To give you an idea of how blown-up these atoms are, a water molecule, which is about 0.25 nanometres in diameter, is as a mere spec in front of the gigantic 200-nanometre colloid. The smart thing about this colloidal mix is that the polymer strands are able to squeeze between the spherical particles, sort of elbowing them out. This effect eventually results in the creation of a two-phase mixture, very similar to having oil separated from water. Crucially, the size of the colloidal “molecules” in our “liquids” is not too small compared to the size of a micro-channel, so we are able to use them as blown-up atoms to study a variety of phenomena in extreme confinement in micro-channels.

caption:These microscopy images show a time sequence of jets and drops forming in superconfined colloidal fluids. Author provided By changing the size of the channels, we were able to reveal in detail how a fluid interacts with the boundaries encasing it. We then used this understanding to control the formation of drops and jets only a few hundred times larger than the size of a colloidal particle. Crucially, the size of the colloidal particles made it possible to observe the fluid dynamics under such an extreme confinement in all its glory using nothing but direct optical techniques using confocal microscopy, – something that would have been impossible to do with a common liquid such as water.

So where to now?

The fluid structures that we have identified in the lab can be very useful in applications that go beyond our colloidal mixtures. For example, simple changes in the channel size can be used to create very small liquid droplets, which in turn can be used for lab-on-a-chip applications acting as drug carriers or miniature beakers for chemical reactions.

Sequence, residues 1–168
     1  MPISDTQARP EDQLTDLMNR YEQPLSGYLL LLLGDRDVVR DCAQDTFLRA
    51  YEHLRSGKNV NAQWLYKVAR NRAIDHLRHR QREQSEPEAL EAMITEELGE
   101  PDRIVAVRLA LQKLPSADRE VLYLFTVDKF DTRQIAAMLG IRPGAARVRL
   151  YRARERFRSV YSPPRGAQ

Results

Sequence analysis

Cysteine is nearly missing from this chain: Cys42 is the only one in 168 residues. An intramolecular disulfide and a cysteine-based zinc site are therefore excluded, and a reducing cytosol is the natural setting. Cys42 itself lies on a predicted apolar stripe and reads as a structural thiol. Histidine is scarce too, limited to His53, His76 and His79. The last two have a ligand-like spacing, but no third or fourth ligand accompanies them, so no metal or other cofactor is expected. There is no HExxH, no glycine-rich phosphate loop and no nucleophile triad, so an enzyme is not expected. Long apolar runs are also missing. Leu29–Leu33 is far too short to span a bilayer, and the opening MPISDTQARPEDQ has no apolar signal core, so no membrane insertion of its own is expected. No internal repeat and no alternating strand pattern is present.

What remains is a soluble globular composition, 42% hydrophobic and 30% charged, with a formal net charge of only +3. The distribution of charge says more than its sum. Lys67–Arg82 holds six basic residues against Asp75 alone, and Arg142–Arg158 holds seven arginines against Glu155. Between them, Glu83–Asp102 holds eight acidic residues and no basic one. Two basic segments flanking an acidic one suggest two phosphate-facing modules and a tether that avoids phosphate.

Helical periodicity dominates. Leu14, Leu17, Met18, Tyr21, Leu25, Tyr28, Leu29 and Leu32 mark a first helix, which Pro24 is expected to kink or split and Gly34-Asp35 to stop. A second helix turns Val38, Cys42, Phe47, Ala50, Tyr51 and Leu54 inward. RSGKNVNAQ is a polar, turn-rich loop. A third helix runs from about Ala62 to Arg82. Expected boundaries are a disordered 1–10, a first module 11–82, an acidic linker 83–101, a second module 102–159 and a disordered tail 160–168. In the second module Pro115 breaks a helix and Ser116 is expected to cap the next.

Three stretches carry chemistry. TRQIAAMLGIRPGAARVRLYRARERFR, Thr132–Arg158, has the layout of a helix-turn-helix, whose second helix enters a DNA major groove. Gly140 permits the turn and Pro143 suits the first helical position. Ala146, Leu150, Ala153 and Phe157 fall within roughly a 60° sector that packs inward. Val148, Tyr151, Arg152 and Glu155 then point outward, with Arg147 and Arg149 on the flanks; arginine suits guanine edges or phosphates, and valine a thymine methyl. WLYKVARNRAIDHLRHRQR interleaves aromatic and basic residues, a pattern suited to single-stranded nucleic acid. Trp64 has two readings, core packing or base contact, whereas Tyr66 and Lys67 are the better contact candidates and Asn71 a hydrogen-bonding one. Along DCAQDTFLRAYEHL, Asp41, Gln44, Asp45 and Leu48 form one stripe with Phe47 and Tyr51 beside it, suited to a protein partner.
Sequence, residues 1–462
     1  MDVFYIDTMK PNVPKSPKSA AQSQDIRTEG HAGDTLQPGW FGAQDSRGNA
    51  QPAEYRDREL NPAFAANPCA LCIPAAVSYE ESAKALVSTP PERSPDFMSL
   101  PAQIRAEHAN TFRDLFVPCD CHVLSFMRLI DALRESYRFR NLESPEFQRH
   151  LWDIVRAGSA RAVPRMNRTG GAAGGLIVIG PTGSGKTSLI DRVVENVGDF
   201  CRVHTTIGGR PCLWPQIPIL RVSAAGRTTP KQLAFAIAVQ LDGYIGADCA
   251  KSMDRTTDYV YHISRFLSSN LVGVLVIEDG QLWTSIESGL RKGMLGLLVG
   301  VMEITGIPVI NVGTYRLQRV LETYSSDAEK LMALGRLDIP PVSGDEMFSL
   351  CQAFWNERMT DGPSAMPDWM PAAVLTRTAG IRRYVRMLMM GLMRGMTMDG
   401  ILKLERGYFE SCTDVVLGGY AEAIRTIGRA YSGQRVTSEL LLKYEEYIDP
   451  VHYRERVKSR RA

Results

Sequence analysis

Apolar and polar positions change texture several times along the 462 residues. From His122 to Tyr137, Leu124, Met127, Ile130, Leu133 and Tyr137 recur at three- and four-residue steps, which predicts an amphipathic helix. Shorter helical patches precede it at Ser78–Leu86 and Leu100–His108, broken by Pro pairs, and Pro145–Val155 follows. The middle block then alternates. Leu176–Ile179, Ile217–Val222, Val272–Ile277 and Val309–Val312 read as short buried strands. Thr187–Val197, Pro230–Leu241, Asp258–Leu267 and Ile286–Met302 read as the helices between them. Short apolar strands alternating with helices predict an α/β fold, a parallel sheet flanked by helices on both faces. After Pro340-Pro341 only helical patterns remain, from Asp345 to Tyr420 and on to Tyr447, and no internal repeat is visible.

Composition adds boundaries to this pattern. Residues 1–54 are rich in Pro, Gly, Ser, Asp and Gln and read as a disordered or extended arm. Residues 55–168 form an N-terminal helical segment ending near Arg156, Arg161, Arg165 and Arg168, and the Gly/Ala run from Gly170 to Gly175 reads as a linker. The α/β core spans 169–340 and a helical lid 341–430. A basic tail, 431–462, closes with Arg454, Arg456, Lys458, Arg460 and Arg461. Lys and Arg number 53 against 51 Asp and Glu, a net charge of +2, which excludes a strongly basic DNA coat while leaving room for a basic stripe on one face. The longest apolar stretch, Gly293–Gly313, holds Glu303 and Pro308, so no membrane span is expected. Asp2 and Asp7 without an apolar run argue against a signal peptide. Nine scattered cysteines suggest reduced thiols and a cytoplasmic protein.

But the ability to control drops can also be potentially used to guide the self-assembly of specifically shaped particles, some sort of “colloidal bricks”, that could be used to produce more complex structures such as micro robots, which could for instance be used in large swarms to explore environments that are too small for larger robots. It could also help develop micro-based materials, such as high-grade micro-emulsions, which can be used, for example, cleaning products.

Such applications are not restricted to using our colloidal liquids, but are open to using many types of liquids, including water and oils, as long as they are contained in very small channels. Using knowledge from one system to understand another is not particular to colloids, it is an underpinning principle of how physics works to make sense of the world around us – and unveiling such generality is perhaps one of the most beautiful aspects of it.

The Conversation

Rodrigo Ledesma Aguilar is Senior Lecturer in Physics and Electrical Engineering at Northumbria University, Newcastle.

This article was originally published on The Conversation. Read the original article.